The standards, though, are standards and not curriculum. They describe new and exciting end-of-instruction goals, not a prescribed path for how to get there. Since a standard is not a lesson, what does it look like in a classroom? It can look very different in different contexts, but there are some common features that can be found in materials (lessons and units) that support high-quality science education in classrooms. These features are described as criteria in the Educators Evaluating Quality in Instructional Products (EQuIP) rubric for Science, the topic of a new video series produced through a collaboration between Achieve and Teaching Channel.
Systems tend to move toward a stable state, and so do people. Change is usually hard, and if it doesn’t feel hard, you probably aren’t really changing all that much.
The Next Generation Science Standards (NGSS) represent a significant transition from our previous state standards in that they explicitly call for a multidimensional approach to teaching to be the norm in every science classroom. Common practice for many veteran teachers of science has been to emphasize content knowledge first, application next, and connections between and across disciplines last. Effective implementation of the three-dimensional NGSS demands a fundamental shift in this practice and such a large change likely won’t happen instantaneously. At several points along the way, it will probably feel hard — and that’s OK.
As a teacher, I loved designing my own lessons. There’s something exhilarating about using your own creativity, content knowledge and understanding of your students to create a learning experience. But we all know that writing lessons and units on your own takes a lot of time and energy, especially when you want to check that your lessons align to standards or that they help you shift your practice. Once I created them, I wanted to be able to share them with the world in order to save other teachers time, as well as to get their feedback and ideas for revisions. Today, there are so many ways teachers can share lessons on the web, and with many states sharing common standards, it’s even easier to share standards-aligned lessons. One place to find lesson planning rubrics and quality instructional materials is Achieve.org.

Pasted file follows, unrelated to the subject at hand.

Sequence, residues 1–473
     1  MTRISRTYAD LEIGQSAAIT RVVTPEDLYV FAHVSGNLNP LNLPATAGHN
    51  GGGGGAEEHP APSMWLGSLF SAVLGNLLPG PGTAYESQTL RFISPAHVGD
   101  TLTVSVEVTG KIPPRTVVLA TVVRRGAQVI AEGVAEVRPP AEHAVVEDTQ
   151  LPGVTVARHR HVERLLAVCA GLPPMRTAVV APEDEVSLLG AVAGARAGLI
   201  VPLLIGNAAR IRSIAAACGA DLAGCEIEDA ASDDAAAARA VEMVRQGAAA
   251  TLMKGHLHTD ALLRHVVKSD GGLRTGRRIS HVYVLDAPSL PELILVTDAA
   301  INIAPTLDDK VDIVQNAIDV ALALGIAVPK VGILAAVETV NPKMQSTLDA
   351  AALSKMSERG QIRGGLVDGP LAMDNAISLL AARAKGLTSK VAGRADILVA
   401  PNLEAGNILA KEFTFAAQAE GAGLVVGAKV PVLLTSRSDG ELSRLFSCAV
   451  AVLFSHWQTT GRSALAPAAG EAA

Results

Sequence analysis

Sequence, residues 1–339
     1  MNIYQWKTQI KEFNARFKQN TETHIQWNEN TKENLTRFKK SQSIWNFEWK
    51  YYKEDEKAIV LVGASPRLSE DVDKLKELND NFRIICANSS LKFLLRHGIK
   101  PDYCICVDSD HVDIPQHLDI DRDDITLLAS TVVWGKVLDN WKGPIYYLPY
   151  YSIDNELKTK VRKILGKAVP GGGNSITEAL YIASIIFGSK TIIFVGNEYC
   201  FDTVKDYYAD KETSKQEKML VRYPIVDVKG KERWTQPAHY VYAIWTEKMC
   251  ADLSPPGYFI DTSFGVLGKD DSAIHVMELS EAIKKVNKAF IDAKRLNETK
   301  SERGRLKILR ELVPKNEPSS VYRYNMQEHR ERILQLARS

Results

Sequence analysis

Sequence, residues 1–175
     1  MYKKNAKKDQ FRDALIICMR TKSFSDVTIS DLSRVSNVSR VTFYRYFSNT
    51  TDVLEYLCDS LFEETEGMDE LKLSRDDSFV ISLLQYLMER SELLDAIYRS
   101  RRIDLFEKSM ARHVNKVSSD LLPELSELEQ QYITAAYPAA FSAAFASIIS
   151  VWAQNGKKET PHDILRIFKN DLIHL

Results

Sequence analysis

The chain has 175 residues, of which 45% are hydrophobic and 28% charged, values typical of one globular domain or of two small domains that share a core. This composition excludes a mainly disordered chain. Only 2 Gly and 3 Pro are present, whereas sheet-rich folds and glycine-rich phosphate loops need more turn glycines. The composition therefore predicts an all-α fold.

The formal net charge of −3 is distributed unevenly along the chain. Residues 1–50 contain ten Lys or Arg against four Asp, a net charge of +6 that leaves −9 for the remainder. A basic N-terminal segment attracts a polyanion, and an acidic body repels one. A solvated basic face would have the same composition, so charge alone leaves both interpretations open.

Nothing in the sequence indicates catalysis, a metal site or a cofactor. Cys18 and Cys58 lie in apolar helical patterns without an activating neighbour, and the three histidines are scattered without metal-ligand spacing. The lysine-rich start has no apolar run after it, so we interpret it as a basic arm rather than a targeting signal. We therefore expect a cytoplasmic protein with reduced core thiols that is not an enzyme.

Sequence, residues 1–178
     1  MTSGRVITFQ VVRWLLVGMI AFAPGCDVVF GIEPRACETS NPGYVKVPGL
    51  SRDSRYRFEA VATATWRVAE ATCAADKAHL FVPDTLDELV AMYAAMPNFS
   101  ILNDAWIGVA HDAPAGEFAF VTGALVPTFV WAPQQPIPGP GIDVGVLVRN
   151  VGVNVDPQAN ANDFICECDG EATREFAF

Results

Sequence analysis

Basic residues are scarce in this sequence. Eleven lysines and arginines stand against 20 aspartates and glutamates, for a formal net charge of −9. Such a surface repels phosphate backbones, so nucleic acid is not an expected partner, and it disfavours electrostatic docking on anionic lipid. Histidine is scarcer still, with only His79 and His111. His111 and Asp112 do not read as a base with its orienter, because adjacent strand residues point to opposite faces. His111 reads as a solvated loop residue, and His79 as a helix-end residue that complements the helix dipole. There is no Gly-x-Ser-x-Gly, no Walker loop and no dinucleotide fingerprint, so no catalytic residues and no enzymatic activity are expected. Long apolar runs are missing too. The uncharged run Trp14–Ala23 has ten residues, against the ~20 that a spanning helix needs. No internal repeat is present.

Teaching Channel and Achieve.org partnered on a three-part series featuring EQuIP’s (Educators Evaluating the Quality of Instructional Products) tools for Common Core lesson planning.
- We showed you how to use EQuIP’s Student Work Protocol to analyze student work as an indicator of the strength of your instructional materials.
- We introduced you to the EQuIP’s Math and ELA rubrics for evaluating lesson plans for Common Core alignment. While you can use these tools alone or as part of a team in order to plan and evaluate your materials, you can also submit your materials to EQuIP’s Peer Review Panel.
- In this last part of the series, we get to see lessons resulting from this process of educators creating and submitting materials for peer review. Four Maryland teachers selected these exemplar lessons from Achieve’s website, downloaded the instructional materials, read the panel’s feedback, and tailored the lessons to the needs of their own classrooms.
The subject for February’s #TchLIVE Twitter chat was motivation. We all need it and we all find it in a variety of places. When you’re having a tough class, day, or week, where do you turn for motivation?
Read the Chat Archive